1,700 disabled factory jobs face axe

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OPPOSITIOn MPs have accused the Government of “throwing disabled people straight on the dole” after Ministers announced plans to close more than half of all Remploy factories.

Maria Miller, minister for disabled people, said 36 of the 54 sites could close by the end of the year because they are unlikely to achieve independent financial viability.

The decision could lead to compulsory redundancies of 1,752 people, including 1,518 disabled employees.

The factories were set up in 1945 with the founding of the welfare state. They employ mainly disabled people in operations including furniture manufacturing and recycling electrical appliances.

Workers at a Remploy factory in Leeds – one of those facing closure – were said to be in tears at the news.

Elaine Newell, production controller, spoke of “devastation” and “tears in the canteen”.

She said: “We are completely and utterly devastated in here. We really didn’t think that the Government would do this to the disabled workforce here.

“There have been tears, people are so very, very anxious – they don’t know what’s going to happen to them.”

Liam Byrne MP, Shadow Work and Pensions Secretary, said it was “disappointing” the Department for Work and Pensions announced the closures in a written statement rushed out after Prime Minister’s Questions, denying MPs the chance to quiz David Cameron on the “callous decision”.

He added: “Unemployment is going through the roof. Back to work schemes are sinking under the weight of spiralling unemployment. And the Government thinks this is a good time to sack disabled workers.”

Unions condemned the move as “barbaric”. Unite general secretary Len McCluskey said: “In the worst economic crisis since the 1930s, these workers’ prospects of finding work are almost zero.”

The DWP said all disabled Remploy staff affected by the changes would get “tailored support” running up to 18 months – averaging around £2,500 per person.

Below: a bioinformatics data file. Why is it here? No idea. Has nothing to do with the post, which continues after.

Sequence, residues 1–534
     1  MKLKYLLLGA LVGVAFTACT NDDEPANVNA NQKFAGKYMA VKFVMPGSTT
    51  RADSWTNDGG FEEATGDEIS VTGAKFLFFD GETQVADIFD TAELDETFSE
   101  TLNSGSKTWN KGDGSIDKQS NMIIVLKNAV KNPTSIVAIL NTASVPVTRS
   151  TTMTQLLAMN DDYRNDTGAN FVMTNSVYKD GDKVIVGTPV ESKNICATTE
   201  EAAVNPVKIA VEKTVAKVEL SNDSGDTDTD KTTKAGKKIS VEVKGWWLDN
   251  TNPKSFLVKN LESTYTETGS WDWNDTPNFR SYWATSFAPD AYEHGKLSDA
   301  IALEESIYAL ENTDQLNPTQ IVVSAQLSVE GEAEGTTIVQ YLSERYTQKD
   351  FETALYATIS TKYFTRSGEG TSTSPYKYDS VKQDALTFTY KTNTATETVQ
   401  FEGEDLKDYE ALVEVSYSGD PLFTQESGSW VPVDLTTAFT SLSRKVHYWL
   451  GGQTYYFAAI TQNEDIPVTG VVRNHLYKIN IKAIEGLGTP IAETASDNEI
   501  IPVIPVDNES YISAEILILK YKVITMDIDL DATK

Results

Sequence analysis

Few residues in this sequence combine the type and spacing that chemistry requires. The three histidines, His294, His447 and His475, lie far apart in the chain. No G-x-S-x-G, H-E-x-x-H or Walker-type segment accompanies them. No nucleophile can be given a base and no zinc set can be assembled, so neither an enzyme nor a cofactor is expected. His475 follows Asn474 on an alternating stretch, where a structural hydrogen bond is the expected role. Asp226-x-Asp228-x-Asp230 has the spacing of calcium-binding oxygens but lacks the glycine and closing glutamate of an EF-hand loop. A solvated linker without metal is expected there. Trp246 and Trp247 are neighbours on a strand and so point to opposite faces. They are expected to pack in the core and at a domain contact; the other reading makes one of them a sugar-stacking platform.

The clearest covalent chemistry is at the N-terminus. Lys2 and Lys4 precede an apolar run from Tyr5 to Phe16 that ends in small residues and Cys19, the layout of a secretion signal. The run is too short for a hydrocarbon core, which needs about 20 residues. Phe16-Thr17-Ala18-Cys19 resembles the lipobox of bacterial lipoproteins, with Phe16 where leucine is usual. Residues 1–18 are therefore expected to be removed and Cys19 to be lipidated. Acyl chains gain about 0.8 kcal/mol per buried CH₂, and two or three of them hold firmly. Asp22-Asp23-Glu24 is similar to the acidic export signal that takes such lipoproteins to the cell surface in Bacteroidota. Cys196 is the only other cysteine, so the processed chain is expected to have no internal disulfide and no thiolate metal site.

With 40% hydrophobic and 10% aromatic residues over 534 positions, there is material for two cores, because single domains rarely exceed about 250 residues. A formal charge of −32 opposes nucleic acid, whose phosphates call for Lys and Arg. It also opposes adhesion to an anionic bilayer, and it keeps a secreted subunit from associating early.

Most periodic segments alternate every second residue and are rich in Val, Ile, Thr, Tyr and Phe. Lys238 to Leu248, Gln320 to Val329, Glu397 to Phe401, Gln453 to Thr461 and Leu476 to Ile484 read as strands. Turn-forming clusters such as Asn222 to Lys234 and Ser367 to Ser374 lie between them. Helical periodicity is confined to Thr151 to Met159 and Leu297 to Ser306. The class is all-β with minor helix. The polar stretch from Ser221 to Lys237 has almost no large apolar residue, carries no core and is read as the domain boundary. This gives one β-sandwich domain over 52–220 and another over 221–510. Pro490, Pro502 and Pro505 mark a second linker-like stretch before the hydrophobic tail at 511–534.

A spokesman said the factories did not provide value for money, adding: “It currently costs the Government and taxpayer £25,000 each year to support each disabled employee working in a Remploy factory yet the average Access to Work award to support a disabled person in mainstream employment is £2,900.”

Last year, the independent Sayce review recommended Remploy should concentrate on helping people find employment in the open labour market.

Liz Sayce, who was author of the review and is the chief executive of Disability Rights UK, said: “The Access to Work programme must expand.

“We currently face a crisis of disabled youth unemployment – being ‘not in education, employment or training’ is twice as common amongst young disabled people, as non-disabled.

“Without individualised employment support there is a real risk they will become a lost generation, out of work for life, and that others will slip out of work unnecessarily.”

Factories at risk of closure in this region are at Leeds, Pontefract and Chesterfield.

There was a glimmer of hope for some workers after a Yorkshire businessman said he would be interested in taking over one of the factories.

Richard Kaye, chief executive of Huddersfield-based manufacturer Fired Up Corporation, plans to expand his Corby brand into the contract furniture market.

He has experience of turning around loss-making factories and making them profitable.